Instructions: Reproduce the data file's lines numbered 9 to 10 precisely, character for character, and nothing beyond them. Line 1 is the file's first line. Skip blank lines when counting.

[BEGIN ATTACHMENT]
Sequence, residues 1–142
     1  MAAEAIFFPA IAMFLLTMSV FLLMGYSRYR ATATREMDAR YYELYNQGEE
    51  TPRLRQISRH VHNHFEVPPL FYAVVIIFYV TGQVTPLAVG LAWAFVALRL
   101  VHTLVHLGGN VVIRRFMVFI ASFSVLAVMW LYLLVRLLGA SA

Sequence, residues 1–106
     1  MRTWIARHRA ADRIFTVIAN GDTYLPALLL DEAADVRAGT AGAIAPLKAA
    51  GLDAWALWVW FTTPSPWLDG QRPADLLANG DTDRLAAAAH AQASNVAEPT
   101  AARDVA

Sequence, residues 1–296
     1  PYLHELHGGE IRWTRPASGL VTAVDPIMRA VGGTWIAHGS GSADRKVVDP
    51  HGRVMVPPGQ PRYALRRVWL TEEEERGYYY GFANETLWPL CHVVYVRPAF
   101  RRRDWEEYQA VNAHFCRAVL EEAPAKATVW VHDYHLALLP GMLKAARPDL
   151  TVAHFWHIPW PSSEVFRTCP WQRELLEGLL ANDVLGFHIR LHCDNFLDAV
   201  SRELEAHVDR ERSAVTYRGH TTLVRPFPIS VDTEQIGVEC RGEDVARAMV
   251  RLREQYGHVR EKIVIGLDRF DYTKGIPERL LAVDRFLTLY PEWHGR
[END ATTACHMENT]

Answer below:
Sequence, residues 1–296
     1  PYLHELHGGE IRWTRPASGL VTAVDPIMRA VGGTWIAHGS GSADRKVVDP